For locals and visitors alike, Hilton Head offers all kinds of great activities.
Biking, concerts, fundraisers, restaurants, tennis, shopping and much more. One activity that is often overlooked is exploring Hilton Head’s historical and culturally significant places. Many different people and cultures, all of which left their mark here, have called our island home. Most of these sites are off the regular circuit of attractions, but take the time to seek them out and you won’t be disappointed.
On the north end of the island, off of Squire Pope Road, sits Green’s Shell Enclosure.
At first it is not much to look at, a hill on the land, which is dotted trees and brush. This hill is in fact a circular ring of shells and other materials. Archeologists have dated this site to the mid 1300s and it is evidence of sedentary habitation of Native Americans on Hilton Head. Green’s is only one of roughly 20 such sites on Hilton Head.
Native Americans set up a little town at this site, evidenced by postholes from homes no longer in existence. The ring was developed around the town as the result of collected kitchen refuse being essentially dumped there. This makes shell enclosures a fantastic resource for understanding how these civilizations sustained themselves. In the shell enclosures archeologists found remains of oysters, clams, shrimp, fish, sharks, rays, raccoons, deer and hickory nuts.
Native Americans had established towns on Hilton Head. They develop systems for hunting, foraging and growing food, and routes for traveling by dugout canoe. About 200 years after the Green’s Shell Enclosure settlement began, Europeans found there way to our island. Explorers from Spain, France and England all visited the island before the first continual inhabitation by settlers in 1663. The next half a century was rife with Indian wars. It was an extremely tough life for settlers battling snakes, bugs and heat. By the late 1700s, Hilton Head had entered the Plantation Era. Cotton, indigo and rice were all grown, thanks in large part to slaves from West Africa.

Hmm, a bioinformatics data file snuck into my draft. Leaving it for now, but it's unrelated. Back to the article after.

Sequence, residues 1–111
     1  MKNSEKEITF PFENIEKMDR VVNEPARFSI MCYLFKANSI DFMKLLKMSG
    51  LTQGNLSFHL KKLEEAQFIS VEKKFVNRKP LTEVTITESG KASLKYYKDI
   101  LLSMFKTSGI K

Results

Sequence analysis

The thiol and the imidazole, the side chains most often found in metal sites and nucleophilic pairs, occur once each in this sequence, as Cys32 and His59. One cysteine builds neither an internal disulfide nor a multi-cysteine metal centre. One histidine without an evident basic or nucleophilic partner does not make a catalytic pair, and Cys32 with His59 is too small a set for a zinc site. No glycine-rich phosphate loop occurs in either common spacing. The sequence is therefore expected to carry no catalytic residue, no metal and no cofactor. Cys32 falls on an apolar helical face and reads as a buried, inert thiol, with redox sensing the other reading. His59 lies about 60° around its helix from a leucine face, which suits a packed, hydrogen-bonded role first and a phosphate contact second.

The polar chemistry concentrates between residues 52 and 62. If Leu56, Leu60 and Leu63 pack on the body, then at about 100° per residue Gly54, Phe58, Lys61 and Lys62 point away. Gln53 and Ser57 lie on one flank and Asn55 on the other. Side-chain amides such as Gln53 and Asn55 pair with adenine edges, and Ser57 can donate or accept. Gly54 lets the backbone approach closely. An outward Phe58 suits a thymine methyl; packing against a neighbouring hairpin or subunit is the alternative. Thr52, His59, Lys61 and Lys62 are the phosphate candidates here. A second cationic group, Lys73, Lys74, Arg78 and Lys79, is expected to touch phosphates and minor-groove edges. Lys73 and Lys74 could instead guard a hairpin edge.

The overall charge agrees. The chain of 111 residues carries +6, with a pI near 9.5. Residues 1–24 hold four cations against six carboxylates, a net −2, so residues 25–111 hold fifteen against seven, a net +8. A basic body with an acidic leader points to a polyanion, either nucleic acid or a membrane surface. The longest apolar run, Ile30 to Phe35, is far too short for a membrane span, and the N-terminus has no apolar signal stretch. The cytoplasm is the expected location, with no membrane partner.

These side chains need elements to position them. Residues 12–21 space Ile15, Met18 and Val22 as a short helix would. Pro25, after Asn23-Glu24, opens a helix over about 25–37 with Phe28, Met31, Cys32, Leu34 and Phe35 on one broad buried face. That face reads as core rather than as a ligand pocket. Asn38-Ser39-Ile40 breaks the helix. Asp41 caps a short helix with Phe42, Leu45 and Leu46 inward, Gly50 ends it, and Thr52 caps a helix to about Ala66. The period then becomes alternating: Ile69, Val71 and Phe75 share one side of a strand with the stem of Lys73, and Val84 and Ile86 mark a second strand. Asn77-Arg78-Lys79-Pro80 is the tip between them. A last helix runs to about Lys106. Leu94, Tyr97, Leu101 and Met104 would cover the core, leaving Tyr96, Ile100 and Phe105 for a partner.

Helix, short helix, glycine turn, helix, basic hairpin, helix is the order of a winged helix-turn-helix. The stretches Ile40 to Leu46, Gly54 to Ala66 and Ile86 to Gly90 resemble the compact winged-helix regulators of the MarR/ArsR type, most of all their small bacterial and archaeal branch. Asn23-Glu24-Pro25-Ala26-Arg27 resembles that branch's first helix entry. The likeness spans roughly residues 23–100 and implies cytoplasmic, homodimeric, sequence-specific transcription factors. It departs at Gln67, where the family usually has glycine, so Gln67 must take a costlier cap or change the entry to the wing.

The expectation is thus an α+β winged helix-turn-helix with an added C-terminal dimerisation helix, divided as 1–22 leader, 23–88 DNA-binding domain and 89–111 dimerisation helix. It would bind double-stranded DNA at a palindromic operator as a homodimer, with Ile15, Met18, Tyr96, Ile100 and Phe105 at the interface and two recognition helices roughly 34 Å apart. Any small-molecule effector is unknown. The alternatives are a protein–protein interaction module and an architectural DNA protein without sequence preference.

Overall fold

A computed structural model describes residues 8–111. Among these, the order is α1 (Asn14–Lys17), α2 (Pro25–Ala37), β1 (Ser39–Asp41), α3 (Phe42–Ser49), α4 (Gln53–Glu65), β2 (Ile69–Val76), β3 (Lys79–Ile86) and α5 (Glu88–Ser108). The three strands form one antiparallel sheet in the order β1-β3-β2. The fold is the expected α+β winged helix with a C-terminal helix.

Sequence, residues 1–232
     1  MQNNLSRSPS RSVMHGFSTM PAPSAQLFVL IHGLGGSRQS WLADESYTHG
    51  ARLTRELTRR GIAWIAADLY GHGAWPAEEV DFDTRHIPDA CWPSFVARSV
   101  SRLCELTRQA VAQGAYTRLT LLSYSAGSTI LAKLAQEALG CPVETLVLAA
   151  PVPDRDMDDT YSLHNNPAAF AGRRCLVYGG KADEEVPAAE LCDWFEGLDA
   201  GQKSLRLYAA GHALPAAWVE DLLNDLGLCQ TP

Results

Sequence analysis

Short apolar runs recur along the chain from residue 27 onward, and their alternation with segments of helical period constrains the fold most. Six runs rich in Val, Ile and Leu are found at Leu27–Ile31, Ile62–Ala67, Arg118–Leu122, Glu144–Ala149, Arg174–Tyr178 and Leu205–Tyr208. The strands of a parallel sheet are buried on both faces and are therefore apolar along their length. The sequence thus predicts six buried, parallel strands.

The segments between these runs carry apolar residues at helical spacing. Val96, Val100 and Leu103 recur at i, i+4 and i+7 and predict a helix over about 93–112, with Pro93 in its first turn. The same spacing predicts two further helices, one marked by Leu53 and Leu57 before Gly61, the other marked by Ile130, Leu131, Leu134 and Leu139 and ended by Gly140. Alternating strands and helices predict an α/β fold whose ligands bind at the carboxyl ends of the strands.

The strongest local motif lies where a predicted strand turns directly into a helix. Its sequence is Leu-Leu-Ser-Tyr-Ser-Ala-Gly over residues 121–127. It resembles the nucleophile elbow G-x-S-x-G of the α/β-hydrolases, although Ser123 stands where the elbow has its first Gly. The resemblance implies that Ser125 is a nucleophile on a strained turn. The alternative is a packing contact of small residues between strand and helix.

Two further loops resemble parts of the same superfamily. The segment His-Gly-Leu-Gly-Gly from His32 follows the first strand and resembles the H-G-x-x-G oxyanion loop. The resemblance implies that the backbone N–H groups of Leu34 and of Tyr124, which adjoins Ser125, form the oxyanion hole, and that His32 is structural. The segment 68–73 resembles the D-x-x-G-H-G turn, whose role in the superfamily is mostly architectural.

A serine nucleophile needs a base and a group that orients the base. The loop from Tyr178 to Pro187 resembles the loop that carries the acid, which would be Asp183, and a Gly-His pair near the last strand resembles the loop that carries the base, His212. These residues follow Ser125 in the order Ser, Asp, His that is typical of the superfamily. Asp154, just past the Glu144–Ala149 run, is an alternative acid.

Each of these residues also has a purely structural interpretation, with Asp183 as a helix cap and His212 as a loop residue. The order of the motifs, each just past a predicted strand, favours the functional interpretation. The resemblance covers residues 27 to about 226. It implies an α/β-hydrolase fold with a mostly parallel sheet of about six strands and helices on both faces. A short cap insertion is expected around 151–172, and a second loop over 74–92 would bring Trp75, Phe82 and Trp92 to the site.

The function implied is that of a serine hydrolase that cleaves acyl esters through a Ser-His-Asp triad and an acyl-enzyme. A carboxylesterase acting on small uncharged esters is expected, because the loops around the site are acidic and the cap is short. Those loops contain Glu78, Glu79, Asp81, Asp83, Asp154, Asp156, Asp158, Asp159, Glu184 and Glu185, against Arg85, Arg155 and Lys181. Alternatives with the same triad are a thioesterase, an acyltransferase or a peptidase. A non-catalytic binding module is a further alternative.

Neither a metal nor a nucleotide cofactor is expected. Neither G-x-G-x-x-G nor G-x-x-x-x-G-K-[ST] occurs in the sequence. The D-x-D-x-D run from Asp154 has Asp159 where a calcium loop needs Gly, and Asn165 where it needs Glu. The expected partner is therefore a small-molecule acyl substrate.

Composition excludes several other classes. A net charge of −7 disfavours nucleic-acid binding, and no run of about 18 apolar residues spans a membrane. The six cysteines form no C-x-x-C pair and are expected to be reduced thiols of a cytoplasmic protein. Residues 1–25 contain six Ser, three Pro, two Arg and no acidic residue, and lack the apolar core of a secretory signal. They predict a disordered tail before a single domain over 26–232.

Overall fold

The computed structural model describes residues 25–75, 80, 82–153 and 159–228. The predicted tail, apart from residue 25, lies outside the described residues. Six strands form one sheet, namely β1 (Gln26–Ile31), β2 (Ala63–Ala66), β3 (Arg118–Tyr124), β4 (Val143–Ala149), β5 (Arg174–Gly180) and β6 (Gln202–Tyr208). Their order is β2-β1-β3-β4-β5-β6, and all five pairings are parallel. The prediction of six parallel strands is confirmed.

One such plantation was what is now called the Stoney/Baynard Plantation, the site of which still holds many fascinating historical highlights.
The Baynard Ruins are located in Sea Pines on the South End of Hilton Head. You will definitely want to get directions and a map to this site, because it is rather hidden in the woods. At the site you will find remnants of the main house, slave quarters, overseer’s house and the chimney from kitchen building. These structures are made out of tabby, which is a type of building material made up of oyster shells.
Also on the Baynard site is evidence of the next phase of Hilton Head history, Union occupation during the Civil War. After the battle of Port Royal in 1861, Union troops set up camps on several sites on Hilton Head, including Stoney/Baynard plantation. Today, you can see remains of tent bases that were constructed to keep the troops’ tents off of the wet ground.
After the Civil War, Hilton Head entered a most fascinating period generally referred to as Reconstruction.
Former slaves that did not abandon the island, established the town of Mitchelville. They formed a social system of cooperative economics undergirded by tight-knit, religious-oriented, extended families. This community had strong values, and at the top of the list was religion followed closely by education. At first young people were in fact educated in the St. James Baptist Church. Then, in 1937 when the Cherry Hill School House was built. This building is the only one-room schoolhouse to exist on the island. It still stands in its original location today at the corner of Dillon and Beach City roads.
The Cherry Hill School House was built with cooperation of the Beaufort County, only after the community members banded together to purchase the land for it to be built on. Fittingly, this land is directly across the street from the St. James. The schoolhouse is built of wood fell on the mainland and brought over by boat. It was used as a public elementary school from 1937 to 1954. When modern development began to creep in and later boomed with the opening of the first bridge to Hilton Head in 1956. A few remaining students of this school still live on the island and are referred to as “The Gullah Elders.” It is through them, and rich sites like Cherry Hill, that we can learn this unique period of Hilton Head history.
To understand the history of Hilton Head it is imperative to seek out the subtle places that reveal themselves gradually through their rich artifacts. Whether you are a long time resident or first time visitors, get out and explore!
By Jesse Renew